Synopses & Reviews
Struggling with her return to the Christian church after many years away, Kathleen Norris found it was the language of Christianity that most distanced her from faith. Words like "judgment," "faith," "dogma," "salvation," "sinner"—even "Christ"—formed what she called her "scary vocabulary," words that had become so codified or abstract that their meanings were all but impenetrable. She found she had to wrestle with them and make them her own before they could confer their blessings and their grace. Blending history, theology, storytelling, etymology, and memoir, Norris uses these words as a starting point for reflection, and offers a moving account of her own gradual conversion. She evokes a rich spirituality rooted firmly in the chaos of everyday life—and offers believers and doubters alike an illuminating perspective on how we can embrace ancient traditions and find faith in the contemporary world.
"Norris's lyrical prose rings with clarity and grace as she brings life to her experience of the church's vocabulary." Publishers Weekly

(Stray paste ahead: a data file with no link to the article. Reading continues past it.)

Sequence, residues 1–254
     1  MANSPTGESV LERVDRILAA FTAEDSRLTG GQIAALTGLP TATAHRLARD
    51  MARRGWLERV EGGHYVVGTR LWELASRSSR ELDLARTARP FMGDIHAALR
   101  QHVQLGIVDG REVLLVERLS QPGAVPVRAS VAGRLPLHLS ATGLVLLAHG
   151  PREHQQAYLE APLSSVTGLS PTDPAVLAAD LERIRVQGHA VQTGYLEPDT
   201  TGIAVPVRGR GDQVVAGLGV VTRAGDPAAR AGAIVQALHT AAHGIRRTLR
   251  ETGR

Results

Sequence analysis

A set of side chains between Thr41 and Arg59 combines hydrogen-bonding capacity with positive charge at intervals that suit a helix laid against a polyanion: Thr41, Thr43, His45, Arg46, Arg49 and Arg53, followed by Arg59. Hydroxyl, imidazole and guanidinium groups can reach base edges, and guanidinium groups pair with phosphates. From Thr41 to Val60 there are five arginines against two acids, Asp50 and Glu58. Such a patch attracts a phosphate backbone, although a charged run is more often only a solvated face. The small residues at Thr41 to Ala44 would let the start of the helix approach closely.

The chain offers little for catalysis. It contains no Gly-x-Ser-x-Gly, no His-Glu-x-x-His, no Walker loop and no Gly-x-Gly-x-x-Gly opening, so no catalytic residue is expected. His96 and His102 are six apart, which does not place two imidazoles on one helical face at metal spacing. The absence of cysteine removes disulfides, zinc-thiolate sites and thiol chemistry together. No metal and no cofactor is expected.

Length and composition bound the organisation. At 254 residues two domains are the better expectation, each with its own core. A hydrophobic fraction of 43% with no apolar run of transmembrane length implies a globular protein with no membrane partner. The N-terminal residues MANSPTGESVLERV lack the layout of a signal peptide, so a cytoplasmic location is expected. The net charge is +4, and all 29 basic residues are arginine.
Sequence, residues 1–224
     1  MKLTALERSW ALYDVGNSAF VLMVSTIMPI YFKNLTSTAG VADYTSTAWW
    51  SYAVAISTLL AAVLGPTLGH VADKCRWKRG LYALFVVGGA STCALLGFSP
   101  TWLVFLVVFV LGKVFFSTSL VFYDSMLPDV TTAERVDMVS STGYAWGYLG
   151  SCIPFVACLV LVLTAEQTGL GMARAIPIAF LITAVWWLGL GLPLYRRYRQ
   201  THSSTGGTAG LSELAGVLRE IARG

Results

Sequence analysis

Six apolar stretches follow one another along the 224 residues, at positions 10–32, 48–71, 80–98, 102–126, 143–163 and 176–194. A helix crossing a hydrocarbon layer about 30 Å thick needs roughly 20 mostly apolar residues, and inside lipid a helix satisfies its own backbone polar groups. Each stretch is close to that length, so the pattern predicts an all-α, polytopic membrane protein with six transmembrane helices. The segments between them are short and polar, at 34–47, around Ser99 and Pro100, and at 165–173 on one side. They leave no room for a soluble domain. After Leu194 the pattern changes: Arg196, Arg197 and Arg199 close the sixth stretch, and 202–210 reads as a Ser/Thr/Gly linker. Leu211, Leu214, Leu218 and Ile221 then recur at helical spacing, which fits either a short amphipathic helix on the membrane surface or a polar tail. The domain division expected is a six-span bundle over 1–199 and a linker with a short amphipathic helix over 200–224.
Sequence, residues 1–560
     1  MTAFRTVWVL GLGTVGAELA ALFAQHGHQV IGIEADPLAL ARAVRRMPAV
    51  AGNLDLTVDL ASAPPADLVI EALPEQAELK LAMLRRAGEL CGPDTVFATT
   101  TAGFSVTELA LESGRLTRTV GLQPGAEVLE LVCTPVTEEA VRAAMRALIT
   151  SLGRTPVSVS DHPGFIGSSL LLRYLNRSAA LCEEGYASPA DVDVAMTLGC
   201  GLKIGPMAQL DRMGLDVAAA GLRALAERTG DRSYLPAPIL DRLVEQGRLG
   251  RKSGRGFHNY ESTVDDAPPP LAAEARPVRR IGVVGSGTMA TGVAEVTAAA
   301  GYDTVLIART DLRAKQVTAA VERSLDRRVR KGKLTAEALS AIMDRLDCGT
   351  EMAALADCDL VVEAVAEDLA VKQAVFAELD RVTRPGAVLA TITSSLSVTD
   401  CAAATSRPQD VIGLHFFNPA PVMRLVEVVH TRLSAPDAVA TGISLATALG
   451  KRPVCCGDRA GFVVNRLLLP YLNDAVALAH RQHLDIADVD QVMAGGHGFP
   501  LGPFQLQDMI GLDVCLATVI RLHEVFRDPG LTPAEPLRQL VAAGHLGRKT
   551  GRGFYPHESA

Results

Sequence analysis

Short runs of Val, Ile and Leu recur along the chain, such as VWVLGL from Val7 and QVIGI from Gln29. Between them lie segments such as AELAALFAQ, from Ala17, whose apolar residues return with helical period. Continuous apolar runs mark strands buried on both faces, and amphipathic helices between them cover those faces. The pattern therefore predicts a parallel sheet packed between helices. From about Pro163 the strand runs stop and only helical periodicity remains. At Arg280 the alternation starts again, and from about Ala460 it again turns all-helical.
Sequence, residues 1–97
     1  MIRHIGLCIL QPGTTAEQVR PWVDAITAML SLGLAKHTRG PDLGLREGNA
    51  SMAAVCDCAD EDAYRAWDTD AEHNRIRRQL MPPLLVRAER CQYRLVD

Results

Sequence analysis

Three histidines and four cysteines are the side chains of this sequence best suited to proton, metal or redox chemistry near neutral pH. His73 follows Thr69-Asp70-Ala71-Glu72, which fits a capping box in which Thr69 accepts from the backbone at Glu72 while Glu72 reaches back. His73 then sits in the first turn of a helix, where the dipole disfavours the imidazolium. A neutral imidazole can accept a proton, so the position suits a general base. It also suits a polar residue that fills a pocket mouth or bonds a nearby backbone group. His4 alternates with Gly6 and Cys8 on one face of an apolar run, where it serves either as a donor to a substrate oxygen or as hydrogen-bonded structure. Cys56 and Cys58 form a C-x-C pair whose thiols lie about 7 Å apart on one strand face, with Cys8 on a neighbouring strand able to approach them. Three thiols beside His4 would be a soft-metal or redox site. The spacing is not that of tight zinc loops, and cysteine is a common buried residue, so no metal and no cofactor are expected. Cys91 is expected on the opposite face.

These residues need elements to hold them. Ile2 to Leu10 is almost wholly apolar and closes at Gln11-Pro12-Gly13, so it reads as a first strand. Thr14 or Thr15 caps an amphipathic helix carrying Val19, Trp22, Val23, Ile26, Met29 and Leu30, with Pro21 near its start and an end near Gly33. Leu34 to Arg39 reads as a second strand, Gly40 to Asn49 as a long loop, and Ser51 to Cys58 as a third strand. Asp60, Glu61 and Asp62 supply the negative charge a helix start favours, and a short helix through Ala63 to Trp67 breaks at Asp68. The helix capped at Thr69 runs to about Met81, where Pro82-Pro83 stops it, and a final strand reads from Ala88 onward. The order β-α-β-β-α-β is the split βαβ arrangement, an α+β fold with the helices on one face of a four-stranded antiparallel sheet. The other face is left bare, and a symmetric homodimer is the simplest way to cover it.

The beloved author of The Cloister Walk takes readers on a moving journey in this thoroughly original investigation of faith. Taking as her starting point the "scary words" that can intimidate and distance us from our religious heritage words like "judgment, faith, dogma, salvation", and "sinner" Norris blends history, theology, storytelling, etymology, and memoir to reflect on their meanings.
About the Author
Norris is an award-winning poet and writer.
Table of Contents
Amazing Grace Preface
Inheritance: Blessing and Curse
Conversion: The Family Story
Belief, Doubt, and Sacred Ambiguity
Inheritance: What Religion Were You Raised in, and WhatAre You Now?
Conversion: The Stories
Virgin Mary, Mother of God
Conversion: The Feminist Impasse
Conversion: One More Boom
Sinner, Wretch, and Reprobate
Good and Evil
The Bible: Illiteracies and Ironies
Conversion: The Wild West
The Bible Study
Conversion: My Ebenezer
The Bible: Give Me a Word
Conversion: The Scary Stuff
Imagination (Or, How Many Christians Does It Take to Balance N. Scott Momaday?)
Prayer as Remembrance: The Expert Marksman's Medal
Interpretation: "I Know Not"
Prayer as Mystery
The New Jerusalem